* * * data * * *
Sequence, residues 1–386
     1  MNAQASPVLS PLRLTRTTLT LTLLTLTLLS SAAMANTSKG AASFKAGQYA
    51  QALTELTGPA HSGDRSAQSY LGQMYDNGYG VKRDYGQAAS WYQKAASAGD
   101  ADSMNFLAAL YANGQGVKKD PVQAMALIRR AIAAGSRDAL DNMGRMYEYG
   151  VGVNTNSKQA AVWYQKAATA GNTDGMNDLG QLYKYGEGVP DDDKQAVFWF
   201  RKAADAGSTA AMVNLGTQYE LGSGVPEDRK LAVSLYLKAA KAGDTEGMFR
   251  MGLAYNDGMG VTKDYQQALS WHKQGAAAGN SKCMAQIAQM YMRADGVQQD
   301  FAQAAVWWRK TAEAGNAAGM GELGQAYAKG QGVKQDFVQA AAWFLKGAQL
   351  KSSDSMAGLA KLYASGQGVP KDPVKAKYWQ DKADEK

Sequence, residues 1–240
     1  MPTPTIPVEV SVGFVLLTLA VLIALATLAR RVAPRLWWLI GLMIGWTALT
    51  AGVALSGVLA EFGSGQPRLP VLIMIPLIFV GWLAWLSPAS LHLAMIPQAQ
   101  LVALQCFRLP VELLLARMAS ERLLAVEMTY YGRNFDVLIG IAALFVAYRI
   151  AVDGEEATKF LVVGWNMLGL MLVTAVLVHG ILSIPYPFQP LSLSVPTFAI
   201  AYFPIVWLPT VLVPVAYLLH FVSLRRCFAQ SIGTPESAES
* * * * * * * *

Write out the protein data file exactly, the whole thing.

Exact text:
Sequence, residues 1–386
     1  MNAQASPVLS PLRLTRTTLT LTLLTLTLLS SAAMANTSKG AASFKAGQYA
    51  QALTELTGPA HSGDRSAQSY LGQMYDNGYG VKRDYGQAAS WYQKAASAGD
   101  ADSMNFLAAL YANGQGVKKD PVQAMALIRR AIAAGSRDAL DNMGRMYEYG
   151  VGVNTNSKQA AVWYQKAATA GNTDGMNDLG QLYKYGEGVP DDDKQAVFWF
   201  RKAADAGSTA AMVNLGTQYE LGSGVPEDRK LAVSLYLKAA KAGDTEGMFR
   251  MGLAYNDGMG VTKDYQQALS WHKQGAAAGN SKCMAQIAQM YMRADGVQQD
   301  FAQAAVWWRK TAEAGNAAGM GELGQAYAKG QGVKQDFVQA AAWFLKGAQL
   351  KSSDSMAGLA KLYASGQGVP KDPVKAKYWQ DKADEK

Sequence, residues 1–240
     1  MPTPTIPVEV SVGFVLLTLA VLIALATLAR RVAPRLWWLI GLMIGWTALT
    51  AGVALSGVLA EFGSGQPRLP VLIMIPLIFV GWLAWLSPAS LHLAMIPQAQ
   101  LVALQCFRLP VELLLARMAS ERLLAVEMTY YGRNFDVLIG IAALFVAYRI
   151  AVDGEEATKF LVVGWNMLGL MLVTAVLVHG ILSIPYPFQP LSLSVPTFAI
   201  AYFPIVWLPT VLVPVAYLLH FVSLRRCFAQ SIGTPESAES